With Microsoft Teams available in your organisation, you’re providing users with a rich tool-set from Office 365. A tool-set that supports different job roles and tasks, and making the service adoption easier.
From the projects I’ve done with clients who have deployed Microsoft Teams, it appears that this is not always the case. By having discussions with end users, asking them specifically about the barriers to adopt Microsoft Teams, there were five that resonated with many. In Arkadin’s Business Change and Optimisation team, we have since worked on how these barriers can be addressed, thus, support the ongoing adoption of Microsoft Teams and ensuring ROI [for our clients].
As an end user, the amount of integrated applications in Microsoft Teams – from both Office 365 and even third parties – can quickly get overwhelming. Considering communication tools as an example, they not only have Teams, but also Outlook, Yammer (and perhaps still even Skype for Business) available.
You can consider creating a “What/Tool/When” approach, to give the end users some guidance on how they can use the applications differently, the most efficient way, depending on your organisational purpose.
Knowledge and ability
Compared to the previous Unified Communications solutions that we have seen – i.e. Skype for Business – Microsoft Teams is bringing a rich set of features that not only support contacts and instant communication via messages and integrated telephony, but also a complex world of teams, channels, document storage, live collaboration and much more.
When rolling out Microsoft Teams, it might be worth reflecting on whether a feature-based deployment, focusing on functionalities like messaging and conferencing initially followed by telephony; and then address file collaboration at the end. Allowing users to gradually get used to the solution, feature by feature, might help the adoption and uptake of all parts of the tool-set.
Risks of deploying without governance
Is there such thing as too much adoption? We see instances of users creating many teams and channels every day, which is a sign of great uptake of the service. However, the more teams and channels a user has to monitor and collaborate in, the harder it gets to locate what you need. Therefore, it’s vital that we communicate and discuss this topic with the end users to ensure the value of quick location of files and information doesn’t get impacted and diminished.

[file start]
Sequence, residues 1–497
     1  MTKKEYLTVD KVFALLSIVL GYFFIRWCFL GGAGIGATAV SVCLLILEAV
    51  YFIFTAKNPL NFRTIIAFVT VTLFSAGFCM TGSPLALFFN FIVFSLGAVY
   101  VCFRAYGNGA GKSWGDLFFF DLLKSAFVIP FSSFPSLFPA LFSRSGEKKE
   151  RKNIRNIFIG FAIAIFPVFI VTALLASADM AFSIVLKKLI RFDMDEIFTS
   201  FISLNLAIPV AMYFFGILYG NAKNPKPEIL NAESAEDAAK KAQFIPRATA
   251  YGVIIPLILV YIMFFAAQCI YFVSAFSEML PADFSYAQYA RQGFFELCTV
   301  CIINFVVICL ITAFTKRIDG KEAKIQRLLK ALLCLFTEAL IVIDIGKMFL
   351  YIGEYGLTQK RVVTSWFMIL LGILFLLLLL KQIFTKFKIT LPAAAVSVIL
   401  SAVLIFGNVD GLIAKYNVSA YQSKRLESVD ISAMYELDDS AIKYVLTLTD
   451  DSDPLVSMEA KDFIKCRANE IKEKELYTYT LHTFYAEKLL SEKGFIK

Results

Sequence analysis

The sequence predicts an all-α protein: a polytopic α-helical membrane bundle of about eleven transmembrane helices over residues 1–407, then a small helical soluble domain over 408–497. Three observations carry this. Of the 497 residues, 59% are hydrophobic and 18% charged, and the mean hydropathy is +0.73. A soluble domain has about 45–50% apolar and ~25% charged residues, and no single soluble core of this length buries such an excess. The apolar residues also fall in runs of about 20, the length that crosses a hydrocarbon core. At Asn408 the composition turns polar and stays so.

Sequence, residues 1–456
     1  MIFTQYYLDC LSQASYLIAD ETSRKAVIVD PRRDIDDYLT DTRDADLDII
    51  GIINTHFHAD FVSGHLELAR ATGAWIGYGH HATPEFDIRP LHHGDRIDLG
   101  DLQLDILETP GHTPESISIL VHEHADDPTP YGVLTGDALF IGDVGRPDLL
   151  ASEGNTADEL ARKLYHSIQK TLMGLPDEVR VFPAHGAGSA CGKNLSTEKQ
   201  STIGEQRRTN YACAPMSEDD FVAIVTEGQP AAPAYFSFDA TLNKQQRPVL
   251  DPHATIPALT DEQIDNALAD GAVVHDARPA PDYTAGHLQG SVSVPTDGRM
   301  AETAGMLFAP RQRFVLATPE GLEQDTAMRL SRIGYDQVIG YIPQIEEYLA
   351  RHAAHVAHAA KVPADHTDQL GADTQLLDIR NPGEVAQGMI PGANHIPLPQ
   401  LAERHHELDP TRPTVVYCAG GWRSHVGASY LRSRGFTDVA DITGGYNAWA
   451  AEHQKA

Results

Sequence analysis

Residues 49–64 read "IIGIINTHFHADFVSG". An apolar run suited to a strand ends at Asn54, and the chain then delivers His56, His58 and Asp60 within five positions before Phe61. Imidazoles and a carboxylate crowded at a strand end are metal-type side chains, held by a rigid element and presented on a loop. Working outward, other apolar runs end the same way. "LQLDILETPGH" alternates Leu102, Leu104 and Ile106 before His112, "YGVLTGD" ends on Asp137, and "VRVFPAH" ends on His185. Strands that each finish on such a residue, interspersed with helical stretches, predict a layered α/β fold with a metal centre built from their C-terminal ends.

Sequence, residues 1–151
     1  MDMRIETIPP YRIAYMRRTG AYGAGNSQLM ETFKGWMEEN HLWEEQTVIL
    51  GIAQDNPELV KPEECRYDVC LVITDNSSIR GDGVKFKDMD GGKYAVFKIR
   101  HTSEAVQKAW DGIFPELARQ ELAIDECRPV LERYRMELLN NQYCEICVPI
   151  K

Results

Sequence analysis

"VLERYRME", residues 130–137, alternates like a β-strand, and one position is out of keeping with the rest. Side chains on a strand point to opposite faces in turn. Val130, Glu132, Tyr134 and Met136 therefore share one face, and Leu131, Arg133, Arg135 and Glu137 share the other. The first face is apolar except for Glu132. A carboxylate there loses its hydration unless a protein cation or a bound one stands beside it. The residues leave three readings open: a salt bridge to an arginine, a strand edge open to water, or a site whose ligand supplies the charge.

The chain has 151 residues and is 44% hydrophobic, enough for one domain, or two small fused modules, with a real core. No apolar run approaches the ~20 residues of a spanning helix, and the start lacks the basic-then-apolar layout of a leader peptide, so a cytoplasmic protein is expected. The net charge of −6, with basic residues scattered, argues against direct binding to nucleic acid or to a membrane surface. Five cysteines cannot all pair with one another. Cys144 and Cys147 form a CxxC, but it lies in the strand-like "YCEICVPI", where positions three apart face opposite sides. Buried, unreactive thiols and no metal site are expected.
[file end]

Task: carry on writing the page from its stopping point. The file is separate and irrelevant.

Deploying Microsoft Teams with governance and policies in place as a business, is one way to address and mitigate a scenario like the above, or consider options like a request-process for creating a team, rather than giving the full rights to all end users.
Security in the cloud
Moving all your data to the cloud improves mobility, flexibility in the workplace, but depending on the technological background and previous data storage, you often experience end users raising concerns around the security of their data.
It’s important that we remind ourselves that “security in the cloud” isn’t just a conversation to be had at business-level, but also with end users. Being transparent by addressing these questions from the beginning of the deployment process, will ensure clarity and reassurance for the end users upon the tool adoption.
Let’s ALL collaborate!
Collaboration between people is at the heart of Microsoft Teams – the more people involved in collaborating and working on documents, the better. Right?
When multiple users are giving their input and editing the same document, it’s not uncommon that important data gets overridden, extra time is spent on recovering that data and combining it with the latest updates.
Therefore, it’s beneficial to communicate and teach to the end users the best practices for file collaboration. It’s easy to assume that with Microsoft Teams, there’s no longer a need for a version 2, 3 or 4 of a document. In certain instances, it might be worth for all of us to consider, whether we actually should create a version 2 of a document, instead of making a lot of changes to a file owned and edited by others and running the risk of impacting the data and the efficiency of collaboration.
Microsoft Teams supports organisations in their journey towards the modern workplace with a rich set of integrations, features, accessibility and increased collaboration.
But sometimes Microsoft Teams’ biggest strengths can become a potential barrier for end users, when they’re to adopt the service and ensure ROI for your organisation.